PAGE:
Smart brdiges with fiber-optic sensors

S.E. Watkins
<span title="">2003</span> <i title="Institute of Electrical and Electronics Engineers (IEEE)"> <a target="_blank" rel="noopener" href="" style="color: black;">IEEE Instrumentation &amp; Measurement Magazine</a> </i> &nbsp;
B ridges represent an enormous infrastructure investment across the nation. Maintenance, repair, upgrade, and replacement of these structures are ongoing expenses. Management of these resources is particularly acute today. Many structures, especially those built in the first half of the 20th century, are at or near the end of their service life and are carrying unanticipated traffic loads [1] . The possibilities of vehicular accidents, earthquakes, and terrorism add to the management
more &raquo; ... Engineers are turning to improved materials and techniques in conjunction with permanent instrumentation to decrease costs and increase service life in both old and new structures. Effective structural instrumentation can be based around fiber-optic systems. Initially a spin-off of optical telecommunication developments, fiber-optic sensing technology has advanced and matured [2] . Many types of sensors have been developed with various characteristics. Common approaches use interferometry, Bragg gratings, scattering mechanisms, and fluorescence [3] . They all benefit from the low profile and low loss of optical fiber. The sensors can be placed in otherwise difficult locations, and the information can be sent over long lengths of fiber. The result is a permanent, flexible capability for nondestructive testing. Advanced instrumentation for civil engineering structures addresses a wide range of interdisciplinary issues. Effective implementation integrates sensor technology, advanced signal processing techniques, materials science, and structural mechanics. Then effective implementation requires field demonstrations to develop practical protocols and to establish confidence in long-term system performance. This article: ◗ describes an approach to bridge improvements that uses smart structures ◗ introduces key technologies for health monitoring systems based on fiber optics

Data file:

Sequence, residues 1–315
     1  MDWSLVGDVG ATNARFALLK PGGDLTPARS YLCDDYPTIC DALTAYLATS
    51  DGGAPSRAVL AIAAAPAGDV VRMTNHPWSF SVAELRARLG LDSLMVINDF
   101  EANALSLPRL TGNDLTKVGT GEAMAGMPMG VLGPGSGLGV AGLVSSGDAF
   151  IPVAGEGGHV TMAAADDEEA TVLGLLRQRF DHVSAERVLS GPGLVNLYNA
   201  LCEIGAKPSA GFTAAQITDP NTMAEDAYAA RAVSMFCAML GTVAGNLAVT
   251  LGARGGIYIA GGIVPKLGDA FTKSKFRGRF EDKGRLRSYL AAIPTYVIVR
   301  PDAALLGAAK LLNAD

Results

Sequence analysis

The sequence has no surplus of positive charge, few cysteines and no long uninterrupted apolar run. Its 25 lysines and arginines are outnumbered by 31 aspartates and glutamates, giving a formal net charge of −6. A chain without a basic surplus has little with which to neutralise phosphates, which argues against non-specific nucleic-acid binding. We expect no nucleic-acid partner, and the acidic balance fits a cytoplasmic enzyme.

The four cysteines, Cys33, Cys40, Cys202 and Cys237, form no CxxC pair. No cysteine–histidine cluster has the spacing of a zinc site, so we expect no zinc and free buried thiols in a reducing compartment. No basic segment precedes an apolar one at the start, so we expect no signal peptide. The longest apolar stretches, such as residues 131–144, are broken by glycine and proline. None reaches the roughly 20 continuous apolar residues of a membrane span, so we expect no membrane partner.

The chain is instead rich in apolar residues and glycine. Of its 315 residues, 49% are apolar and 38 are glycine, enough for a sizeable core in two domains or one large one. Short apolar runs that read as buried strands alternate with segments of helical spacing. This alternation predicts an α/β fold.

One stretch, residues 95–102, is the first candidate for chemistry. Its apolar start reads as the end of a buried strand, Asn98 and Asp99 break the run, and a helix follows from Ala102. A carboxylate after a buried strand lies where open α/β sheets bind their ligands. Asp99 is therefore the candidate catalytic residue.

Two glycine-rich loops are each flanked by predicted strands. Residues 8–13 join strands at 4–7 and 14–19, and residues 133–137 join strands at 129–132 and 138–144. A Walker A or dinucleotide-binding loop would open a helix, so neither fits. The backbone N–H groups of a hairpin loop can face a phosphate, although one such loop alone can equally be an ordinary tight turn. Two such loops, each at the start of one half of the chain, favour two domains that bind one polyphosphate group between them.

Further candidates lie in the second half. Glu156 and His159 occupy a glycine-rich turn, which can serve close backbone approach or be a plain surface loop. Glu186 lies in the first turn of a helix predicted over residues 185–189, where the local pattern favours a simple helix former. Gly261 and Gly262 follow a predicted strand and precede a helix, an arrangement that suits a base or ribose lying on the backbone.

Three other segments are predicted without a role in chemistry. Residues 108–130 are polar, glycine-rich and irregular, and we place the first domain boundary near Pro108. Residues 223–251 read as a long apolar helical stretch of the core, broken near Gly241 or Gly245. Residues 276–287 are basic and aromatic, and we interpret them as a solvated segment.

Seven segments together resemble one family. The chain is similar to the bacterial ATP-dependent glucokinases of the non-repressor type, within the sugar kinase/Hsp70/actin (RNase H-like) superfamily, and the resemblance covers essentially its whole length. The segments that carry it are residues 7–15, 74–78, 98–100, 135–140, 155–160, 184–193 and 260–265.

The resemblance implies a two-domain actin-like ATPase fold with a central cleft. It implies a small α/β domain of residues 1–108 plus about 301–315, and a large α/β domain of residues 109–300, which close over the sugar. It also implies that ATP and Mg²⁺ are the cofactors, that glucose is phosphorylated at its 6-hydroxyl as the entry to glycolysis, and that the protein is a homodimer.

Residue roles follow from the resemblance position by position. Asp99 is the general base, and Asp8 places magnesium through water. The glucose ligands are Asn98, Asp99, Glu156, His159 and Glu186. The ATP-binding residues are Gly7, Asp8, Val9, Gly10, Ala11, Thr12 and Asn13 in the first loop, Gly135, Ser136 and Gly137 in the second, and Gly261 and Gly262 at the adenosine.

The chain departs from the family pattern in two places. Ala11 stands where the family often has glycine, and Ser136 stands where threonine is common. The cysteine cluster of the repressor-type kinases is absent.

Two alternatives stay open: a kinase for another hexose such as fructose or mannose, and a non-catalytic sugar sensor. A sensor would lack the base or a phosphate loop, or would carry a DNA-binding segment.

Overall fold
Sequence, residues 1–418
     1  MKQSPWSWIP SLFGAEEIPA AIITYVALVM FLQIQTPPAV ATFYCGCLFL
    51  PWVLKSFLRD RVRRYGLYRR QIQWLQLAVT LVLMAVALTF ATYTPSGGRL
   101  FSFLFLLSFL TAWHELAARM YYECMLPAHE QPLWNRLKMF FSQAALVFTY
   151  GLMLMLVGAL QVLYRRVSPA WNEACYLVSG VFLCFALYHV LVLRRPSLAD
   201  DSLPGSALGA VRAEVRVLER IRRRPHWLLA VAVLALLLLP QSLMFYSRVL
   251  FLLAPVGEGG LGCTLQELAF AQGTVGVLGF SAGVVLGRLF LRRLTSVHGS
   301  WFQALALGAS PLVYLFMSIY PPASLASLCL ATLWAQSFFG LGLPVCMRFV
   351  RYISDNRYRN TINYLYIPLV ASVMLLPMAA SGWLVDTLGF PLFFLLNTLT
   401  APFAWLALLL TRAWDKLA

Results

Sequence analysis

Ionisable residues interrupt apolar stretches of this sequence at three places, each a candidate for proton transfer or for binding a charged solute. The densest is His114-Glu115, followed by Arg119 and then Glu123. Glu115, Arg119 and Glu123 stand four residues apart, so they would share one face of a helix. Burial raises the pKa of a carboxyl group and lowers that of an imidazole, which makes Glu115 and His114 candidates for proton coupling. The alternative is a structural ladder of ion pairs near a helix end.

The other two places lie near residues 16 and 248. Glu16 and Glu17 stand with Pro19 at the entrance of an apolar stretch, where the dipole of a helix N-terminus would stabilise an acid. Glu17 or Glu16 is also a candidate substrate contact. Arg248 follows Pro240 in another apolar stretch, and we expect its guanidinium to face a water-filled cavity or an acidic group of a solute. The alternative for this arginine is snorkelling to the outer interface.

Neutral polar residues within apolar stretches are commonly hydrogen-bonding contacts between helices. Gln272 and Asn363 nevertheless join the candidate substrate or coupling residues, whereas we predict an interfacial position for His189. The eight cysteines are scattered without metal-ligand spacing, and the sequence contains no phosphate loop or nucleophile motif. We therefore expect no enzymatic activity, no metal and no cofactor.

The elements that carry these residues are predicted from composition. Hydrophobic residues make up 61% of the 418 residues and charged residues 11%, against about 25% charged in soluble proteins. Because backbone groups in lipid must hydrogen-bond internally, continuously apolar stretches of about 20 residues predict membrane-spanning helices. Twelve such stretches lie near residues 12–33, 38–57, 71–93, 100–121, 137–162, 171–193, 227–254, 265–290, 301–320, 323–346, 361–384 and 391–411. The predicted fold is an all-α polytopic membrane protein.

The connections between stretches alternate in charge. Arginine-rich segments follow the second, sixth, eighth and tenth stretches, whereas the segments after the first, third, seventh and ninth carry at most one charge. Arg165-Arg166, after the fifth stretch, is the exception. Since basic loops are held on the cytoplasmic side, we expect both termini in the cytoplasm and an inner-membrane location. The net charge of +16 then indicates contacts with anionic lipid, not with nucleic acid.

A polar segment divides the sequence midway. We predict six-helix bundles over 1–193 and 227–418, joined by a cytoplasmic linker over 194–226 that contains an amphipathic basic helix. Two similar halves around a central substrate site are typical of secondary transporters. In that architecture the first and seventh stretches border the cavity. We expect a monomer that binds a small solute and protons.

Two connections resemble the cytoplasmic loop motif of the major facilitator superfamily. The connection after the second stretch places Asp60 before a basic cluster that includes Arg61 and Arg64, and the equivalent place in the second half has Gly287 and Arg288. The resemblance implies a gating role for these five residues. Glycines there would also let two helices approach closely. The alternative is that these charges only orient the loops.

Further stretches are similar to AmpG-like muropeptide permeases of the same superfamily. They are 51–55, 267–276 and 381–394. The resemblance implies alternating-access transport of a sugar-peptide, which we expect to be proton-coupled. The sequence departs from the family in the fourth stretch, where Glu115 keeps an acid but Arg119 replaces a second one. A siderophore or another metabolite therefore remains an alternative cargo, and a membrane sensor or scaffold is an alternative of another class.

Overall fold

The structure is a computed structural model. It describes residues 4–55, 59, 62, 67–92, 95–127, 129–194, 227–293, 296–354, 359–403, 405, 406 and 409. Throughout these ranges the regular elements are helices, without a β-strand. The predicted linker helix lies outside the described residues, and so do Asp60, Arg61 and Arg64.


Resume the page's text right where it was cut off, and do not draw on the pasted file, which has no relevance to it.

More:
<span class="external-identifiers"> <a target="_blank" rel="external noopener noreferrer" href="">doi:10.1109/mim.2003.1200280</a> <a target="_blank" rel="external noopener" href="">fatcat:6loqrojrojebdgjfaglgm5adqu</a> </span>
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